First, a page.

I think, then, that we must pay very nuanced attention to accretion of meaning when evaluating practices in light of the guiding principles of changing nothing unless absolutely demanded for the good of the Church and seeking to remove that which obscures the essence of the Mass. We can’t simply ask, “How did this practice originate?” but must also inquire, “What do many or all of us now consider this act to proclaim?” Or concerning obscuring the essence of the rite we cannot ask, “Was this an element that is more ornamentation than substance?” expecting any substantive recommendation of action because even an affirmative answer requires the extra step of “Would eliminating this be absolutely necessary to show forth the fulness of the liturgy for the benefit of the Church?”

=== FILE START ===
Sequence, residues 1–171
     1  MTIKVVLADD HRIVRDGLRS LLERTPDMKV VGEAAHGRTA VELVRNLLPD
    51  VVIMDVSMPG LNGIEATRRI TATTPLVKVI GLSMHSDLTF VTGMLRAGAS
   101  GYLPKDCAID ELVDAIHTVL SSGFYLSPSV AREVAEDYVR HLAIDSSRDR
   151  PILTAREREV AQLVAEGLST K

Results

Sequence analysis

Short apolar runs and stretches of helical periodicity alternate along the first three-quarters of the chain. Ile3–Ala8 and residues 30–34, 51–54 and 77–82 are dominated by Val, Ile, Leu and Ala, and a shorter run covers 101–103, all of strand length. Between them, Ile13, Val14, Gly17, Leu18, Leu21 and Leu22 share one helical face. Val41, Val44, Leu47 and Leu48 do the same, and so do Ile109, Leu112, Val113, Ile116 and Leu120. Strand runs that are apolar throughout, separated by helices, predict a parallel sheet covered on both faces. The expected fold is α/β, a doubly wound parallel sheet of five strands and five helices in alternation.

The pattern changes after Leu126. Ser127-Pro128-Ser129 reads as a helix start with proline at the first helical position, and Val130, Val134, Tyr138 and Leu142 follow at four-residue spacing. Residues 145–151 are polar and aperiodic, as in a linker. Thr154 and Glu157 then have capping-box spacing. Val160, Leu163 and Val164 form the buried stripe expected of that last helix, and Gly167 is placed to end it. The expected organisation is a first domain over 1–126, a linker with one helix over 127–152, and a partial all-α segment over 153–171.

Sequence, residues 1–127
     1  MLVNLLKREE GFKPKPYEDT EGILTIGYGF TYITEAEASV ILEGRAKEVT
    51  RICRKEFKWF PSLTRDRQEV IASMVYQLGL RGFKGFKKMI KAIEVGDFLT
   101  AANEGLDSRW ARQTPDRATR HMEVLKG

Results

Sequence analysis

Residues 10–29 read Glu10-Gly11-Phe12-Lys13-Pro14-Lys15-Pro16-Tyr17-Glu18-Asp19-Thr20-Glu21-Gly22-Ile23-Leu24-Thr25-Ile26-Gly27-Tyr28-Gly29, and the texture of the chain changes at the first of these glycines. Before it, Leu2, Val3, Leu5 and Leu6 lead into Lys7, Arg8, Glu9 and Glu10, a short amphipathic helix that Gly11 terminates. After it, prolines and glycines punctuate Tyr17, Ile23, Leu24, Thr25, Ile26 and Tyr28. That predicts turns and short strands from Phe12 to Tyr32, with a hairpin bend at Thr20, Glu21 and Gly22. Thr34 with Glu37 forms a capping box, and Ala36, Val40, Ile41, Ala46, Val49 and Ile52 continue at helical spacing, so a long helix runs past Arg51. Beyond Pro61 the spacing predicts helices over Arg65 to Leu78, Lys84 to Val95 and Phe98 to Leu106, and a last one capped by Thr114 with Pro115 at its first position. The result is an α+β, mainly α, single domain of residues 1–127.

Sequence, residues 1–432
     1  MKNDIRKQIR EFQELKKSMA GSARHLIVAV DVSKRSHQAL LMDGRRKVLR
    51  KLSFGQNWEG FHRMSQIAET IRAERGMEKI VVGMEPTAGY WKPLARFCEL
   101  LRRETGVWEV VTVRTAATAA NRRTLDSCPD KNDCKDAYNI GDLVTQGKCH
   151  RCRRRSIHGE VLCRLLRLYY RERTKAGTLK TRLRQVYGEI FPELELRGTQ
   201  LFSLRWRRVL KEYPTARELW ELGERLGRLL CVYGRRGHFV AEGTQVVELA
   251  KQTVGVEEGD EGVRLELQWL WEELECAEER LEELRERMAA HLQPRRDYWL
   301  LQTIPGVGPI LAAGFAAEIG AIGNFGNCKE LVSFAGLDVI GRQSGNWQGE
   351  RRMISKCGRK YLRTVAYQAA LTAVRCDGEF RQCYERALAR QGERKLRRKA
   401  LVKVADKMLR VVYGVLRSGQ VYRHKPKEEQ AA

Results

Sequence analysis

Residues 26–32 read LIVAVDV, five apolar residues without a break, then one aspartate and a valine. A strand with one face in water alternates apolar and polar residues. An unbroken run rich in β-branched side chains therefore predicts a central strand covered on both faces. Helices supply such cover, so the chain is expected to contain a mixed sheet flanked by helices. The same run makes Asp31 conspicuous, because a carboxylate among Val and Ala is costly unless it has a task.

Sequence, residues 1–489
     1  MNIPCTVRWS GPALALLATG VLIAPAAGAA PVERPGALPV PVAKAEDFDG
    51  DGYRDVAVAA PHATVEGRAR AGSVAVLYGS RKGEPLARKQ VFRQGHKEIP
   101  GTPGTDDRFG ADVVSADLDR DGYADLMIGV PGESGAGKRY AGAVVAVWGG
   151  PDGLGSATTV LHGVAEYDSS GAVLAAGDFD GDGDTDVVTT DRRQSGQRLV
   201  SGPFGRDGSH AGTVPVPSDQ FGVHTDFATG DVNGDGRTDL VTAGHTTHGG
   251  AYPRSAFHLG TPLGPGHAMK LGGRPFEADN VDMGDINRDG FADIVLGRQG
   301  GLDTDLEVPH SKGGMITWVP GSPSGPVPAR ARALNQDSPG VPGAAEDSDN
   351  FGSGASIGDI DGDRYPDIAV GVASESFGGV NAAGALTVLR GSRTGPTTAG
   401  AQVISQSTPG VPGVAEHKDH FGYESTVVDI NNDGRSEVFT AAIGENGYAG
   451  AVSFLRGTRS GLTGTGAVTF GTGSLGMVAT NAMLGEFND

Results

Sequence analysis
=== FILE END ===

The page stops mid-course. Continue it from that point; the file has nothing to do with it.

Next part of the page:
Regarding this particular example of lifting the chasuble, I fail to see how it can be construed to obscure the heart of the rite as it requires no extra time (occurs simultaneously with a central element) and simply draws more attention to the majesty of the moment. My indult happens not to utilize this practice, so I’m not fighting for my own usage when I say: this particular custom should not be eliminated under the criteria of Sacrosanctum Concilium.